Fight Frogs - (which we're REALLY hoping also gets turned into a cartoon) a comic about three totally rad frog brothers named Crud, Scuzz, and Gorp who live in a post-apocalyptic wasteland, listen to heavy metal, rumble with gangs of animal men and party hard!

Ugs, Fugs & Grossos - a collection of drawings of ug-ass mugs, fug-ass fugs, and gross-ass grossos





Monday, January 05, 2015

Atomic Reading Club 2015: Gothic Horror


Atomic Reading Club Book Picks for 2015 - Gothic and Horror 

We're going to take a turn down a darker street for 2015, revisit some classics and maybe a few other titles you meant to check out. 

We're doubling up on comics this year. As always, you'll get 15% off the books, but if you choose to do the double graphic novel months, you'll get 40% off the two. 

January - Saga of Swamp Thing Book One by Alan Moore/various AND Hellblazer Vol. 1: Original Sins by Jamie Delano/various
February - My Cousin Rachel by Daphne du Maurier
March - Call of Cthulu and Other Stories by H.P. Lovecraft 
April - Outer Dark by Cormac McCarthy 
May - Sharp Objects by Gillian Flynn 
June - Hell House by Richard Matheson
July - Let the Right One in by John Ajvide Lindqvist
August - Shadow Of The Wind by Carlos Ruiz Zafon
September - Baltimore Vol. 1: Plague Ships by Mike Mignola/various AND Preacher Book One by Garth Ennis/Steve Dillon
October - Horrorstor by Grady Hendrix
November - The Wasp Factory by Iain Banks
December - Uzumaki (3 in 1 Edition) by Junji Ito

Discussions are always the last Tuesday for the month, 7pm, in Eightbar.

Monday, December 29, 2014

BaltoZine Roundup: 2014 Finale

The Baltozine Roundup is a regular feature wherein we take a look at what national periodicals are saying about Baltimore-area arts, events, people, and places. Be sure to pick up the magazines and read the full articles.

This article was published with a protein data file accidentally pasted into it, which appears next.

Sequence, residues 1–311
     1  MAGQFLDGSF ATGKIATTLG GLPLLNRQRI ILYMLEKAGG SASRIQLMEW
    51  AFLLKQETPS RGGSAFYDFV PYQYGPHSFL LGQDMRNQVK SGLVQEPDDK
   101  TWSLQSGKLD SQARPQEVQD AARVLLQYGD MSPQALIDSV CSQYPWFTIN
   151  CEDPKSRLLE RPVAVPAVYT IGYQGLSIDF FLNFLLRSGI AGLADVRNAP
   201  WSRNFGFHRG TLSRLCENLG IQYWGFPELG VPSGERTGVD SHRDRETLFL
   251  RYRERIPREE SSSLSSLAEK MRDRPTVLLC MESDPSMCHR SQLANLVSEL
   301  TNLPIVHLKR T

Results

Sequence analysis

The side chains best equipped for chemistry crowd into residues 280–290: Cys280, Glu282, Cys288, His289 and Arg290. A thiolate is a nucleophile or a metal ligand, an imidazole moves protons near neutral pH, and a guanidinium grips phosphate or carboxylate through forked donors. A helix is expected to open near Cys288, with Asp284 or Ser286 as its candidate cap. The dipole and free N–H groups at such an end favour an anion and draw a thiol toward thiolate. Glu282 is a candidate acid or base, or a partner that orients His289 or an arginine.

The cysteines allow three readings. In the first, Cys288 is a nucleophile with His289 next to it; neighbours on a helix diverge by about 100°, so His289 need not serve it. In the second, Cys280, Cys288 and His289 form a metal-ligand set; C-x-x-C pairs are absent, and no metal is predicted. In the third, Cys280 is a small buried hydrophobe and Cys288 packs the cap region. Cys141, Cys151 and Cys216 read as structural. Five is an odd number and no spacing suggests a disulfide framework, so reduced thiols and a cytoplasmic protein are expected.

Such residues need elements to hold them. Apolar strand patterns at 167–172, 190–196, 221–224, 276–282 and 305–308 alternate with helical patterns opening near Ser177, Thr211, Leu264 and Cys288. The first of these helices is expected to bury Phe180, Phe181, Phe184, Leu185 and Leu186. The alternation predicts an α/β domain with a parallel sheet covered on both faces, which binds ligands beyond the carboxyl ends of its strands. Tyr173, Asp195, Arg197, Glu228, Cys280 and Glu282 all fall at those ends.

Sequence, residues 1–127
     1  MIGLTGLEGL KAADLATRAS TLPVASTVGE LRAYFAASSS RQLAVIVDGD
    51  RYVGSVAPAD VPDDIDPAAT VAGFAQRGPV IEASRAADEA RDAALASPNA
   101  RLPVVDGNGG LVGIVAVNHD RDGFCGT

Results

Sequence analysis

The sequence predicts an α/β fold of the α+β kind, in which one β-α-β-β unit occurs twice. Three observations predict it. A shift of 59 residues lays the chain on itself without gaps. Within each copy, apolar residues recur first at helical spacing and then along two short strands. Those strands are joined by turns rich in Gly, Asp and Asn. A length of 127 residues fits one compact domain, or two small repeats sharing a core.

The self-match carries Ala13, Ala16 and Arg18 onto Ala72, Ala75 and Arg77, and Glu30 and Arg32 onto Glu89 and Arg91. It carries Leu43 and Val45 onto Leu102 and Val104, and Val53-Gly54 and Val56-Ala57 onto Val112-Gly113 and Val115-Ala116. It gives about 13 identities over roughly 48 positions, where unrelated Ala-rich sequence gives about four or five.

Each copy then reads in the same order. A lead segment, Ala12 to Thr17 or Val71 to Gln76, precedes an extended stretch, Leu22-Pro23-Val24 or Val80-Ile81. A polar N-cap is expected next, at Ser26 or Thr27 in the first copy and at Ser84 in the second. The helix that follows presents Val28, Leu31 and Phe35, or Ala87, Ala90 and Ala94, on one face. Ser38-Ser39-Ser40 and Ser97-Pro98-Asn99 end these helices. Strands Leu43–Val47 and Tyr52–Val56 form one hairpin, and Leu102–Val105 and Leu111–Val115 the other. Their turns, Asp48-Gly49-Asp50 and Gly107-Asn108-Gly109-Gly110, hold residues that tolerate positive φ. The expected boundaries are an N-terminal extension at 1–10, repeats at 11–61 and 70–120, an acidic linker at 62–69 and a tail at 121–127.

In the current issue of Under The Radar [#43], the Top Albums of 2014 feature both Future Islands' Singles and Wye Oak's Shriek in the top 10.

About Future Islands' Singles:
"This Baltimore trio has been working hard touring, recording and generally kicking ass for eight years. However, it was a performance on Letterman and sick dance moves that finally put these synth-poppers in the national spotlight they've long deserved. ..." -Austin Trunick
About Wye Oak's Shriek:
"...Wye Oak jettison the guitar and drums-dominated pop which has defined their prior three albums, instead favoring silvery synths, sawing cello, and a bedrock foundation of bass. The results dazzle ..." -John Everhart
There's also a Q&A with Wye Oak's Jenn Wasner in the 2014 Artist Survey.
"Speaking for myself, I try to go through life treating everyone I meet with kindness and respect. But hey, sometimes people are dicks. And sometimes those people also happen to make good art. This is nothing new. What's different now, it seems to me, is the urgency with which what was once considered the 'underground' now operates as a mirror image of the mainstream media circus. Honestly, I find the whole process exhausting and tedious. ..."

Magnet #118 has a store profile on Sound Garden, which has locations in Fells Point, Baltimore and Syracuse, NY.
"... 'Sound Garden is one of the few places in Baltimore City where you see everybody from Baltimore City,' says [owner Brian] Burkert, who credits his staff for making informed choices when it comes to stocking each section and making it attractive to a core constituency. 'The store isn't a reflection of my tastes so much as it's a reflection of my staff's tastes. We practically lost an entire generation to digital music and iTunes, because we weren't part of their lives. But the resurgence in vinyl has given our store new life and made it more relevant to younger people who now have something to collect and people who can talk about it with them and make smart recommendations. They become part of the culture at Sound Garden. ...'"